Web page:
In parallel, DtM also realized significant benefits from this partnership. Although DtM had a track record of developing innovative design concepts, it had virtually no experience bringing them to market at a large scale. Through MTTS, EMW provided DtM with access to local production and product support capabilities. Perhaps most importantly, EMW shared with DtM its extensive network of neonatal care partners throughout Southeast Asia, providing the clinical infrastructure and organization needed for testing and distribution to patients.

EMW completed a clinical trial in November 2011, and Firefly officially cured its first infant with jaundice one month later. With Firefly, the baby required only 17 hours of phototherapy; physicians estimated that with a conventional phototherapy device, his cure would have required 2 to 3 days of treatment. (17) As of mid-2012, Firefly was undergoing larger-scale clinical testing and production, and the team was expanding the project to India, the Philippines, and Cambodia. Having achieved significant synergy, EMW and DtM also continued working together to develop additional neonatal care tools for Southeast Asia.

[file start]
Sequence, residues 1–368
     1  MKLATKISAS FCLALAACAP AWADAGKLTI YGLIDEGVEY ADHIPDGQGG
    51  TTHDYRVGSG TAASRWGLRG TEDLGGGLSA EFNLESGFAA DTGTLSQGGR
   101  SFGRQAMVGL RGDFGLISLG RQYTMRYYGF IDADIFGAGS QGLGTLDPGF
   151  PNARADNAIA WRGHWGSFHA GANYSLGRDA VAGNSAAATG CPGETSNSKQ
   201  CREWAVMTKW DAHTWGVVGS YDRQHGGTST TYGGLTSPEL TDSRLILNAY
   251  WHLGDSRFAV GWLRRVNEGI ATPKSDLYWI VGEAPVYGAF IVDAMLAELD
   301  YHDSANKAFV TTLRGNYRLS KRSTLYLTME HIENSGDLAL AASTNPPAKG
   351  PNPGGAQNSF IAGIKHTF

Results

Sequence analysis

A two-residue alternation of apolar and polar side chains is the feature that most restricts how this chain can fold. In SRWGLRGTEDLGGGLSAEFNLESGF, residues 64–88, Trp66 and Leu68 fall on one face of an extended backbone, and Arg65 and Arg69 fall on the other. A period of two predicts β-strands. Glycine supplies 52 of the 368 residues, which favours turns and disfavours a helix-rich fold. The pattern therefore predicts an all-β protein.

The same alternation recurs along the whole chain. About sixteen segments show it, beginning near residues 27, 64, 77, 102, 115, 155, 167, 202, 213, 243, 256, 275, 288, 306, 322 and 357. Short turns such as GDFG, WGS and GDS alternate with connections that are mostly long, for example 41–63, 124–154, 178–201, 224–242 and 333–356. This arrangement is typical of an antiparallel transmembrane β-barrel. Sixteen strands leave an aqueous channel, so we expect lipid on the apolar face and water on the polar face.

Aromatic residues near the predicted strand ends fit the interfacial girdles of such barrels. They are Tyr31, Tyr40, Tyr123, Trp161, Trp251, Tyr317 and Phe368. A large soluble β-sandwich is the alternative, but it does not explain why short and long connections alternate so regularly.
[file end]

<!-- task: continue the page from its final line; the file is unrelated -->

(1) “Hyperbilirubinemia and Jaundice,” Lucile Packard Children’s Hospital, (June 14, 2012).
(2) “Project Firefly,” Design That Matters, (June 14, 2012).
(3) “Overview,” East Meets West, (June 14, 2012).
(4) “Breath of Life: Neonatal Health, Program Overview,” East Meets West, (June 14, 2012).
(5) John Anner, “My Daughter’s Story: Fighting Prematurity, Advancing Technology for Newborns,” January 3, 2012 (June 14, 2012).
(6) Ibid.
(7) “Breath of Life: Key Statistics,” East Meets West, (June 14, 2012)
(8) Lemelson Foundation Fact Sheet, (June 14, 2012).
(9) “Firefly Phototherapy: A Brief Intro,” Design That Matters, (June 14, 2012).
(10) All quotations are from interviews conducted by the authors unless otherwise cited.
(11) Leslie Gordon, “Designing for Places That Can’t Afford High Tech,”, March 22, 2012, (June 14, 2012).
(12) “Firefly Lights up Vietnam Hospitals,” East Meets West, (June 14, 2012).
(13) “Firefly,” Design That Matters, (June 4, 2012).
(14) Ibid.
(15) Leslie Gordon, “Designing for Places That Can’t Afford High Tech,”, March 22, 2012, (June 14, 2012).
(16) “Yanko Design Features Firefly Phototherapy,” Design That Matters, (June 14, 2012).